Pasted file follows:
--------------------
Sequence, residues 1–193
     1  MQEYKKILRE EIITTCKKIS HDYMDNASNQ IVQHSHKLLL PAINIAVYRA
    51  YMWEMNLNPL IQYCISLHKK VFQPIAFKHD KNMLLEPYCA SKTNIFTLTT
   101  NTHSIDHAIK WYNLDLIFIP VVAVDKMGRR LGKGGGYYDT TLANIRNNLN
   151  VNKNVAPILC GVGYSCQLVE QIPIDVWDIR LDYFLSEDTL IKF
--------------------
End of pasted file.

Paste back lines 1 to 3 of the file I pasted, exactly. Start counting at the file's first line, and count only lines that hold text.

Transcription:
Sequence, residues 1–193
     1  MQEYKKILRE EIITTCKKIS HDYMDNASNQ IVQHSHKLLL PAINIAVYRA
    51  YMWEMNLNPL IQYCISLHKK VFQPIAFKHD KNMLLEPYCA SKTNIFTLTT